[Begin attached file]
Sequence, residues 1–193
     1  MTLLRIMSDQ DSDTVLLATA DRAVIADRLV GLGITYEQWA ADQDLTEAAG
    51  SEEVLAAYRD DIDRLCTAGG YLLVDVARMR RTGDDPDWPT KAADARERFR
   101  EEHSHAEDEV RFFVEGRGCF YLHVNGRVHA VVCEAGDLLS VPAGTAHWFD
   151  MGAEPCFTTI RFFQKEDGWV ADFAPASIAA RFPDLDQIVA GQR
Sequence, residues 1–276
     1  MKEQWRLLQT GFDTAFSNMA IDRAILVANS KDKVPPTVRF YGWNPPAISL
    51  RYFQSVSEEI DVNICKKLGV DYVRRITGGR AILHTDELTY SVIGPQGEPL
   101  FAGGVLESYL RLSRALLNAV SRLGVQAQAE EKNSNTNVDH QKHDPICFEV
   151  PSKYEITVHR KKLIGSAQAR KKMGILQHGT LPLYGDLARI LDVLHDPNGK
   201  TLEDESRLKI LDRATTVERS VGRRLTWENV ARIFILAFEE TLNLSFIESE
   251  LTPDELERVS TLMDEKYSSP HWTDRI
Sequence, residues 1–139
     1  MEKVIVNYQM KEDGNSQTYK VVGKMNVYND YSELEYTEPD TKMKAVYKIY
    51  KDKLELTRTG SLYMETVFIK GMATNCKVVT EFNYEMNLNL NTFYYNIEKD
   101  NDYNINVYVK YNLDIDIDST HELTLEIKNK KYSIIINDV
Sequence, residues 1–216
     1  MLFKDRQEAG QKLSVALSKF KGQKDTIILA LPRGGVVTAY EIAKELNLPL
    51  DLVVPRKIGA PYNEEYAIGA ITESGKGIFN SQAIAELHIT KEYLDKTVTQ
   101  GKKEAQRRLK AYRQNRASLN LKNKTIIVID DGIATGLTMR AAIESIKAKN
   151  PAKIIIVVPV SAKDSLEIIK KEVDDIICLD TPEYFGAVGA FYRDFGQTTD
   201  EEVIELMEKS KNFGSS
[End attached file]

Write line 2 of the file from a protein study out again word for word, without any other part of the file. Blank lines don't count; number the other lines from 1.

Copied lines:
     1  MTLLRIMSDQ DSDTVLLATA DRAVIADRLV GLGITYEQWA ADQDLTEAAG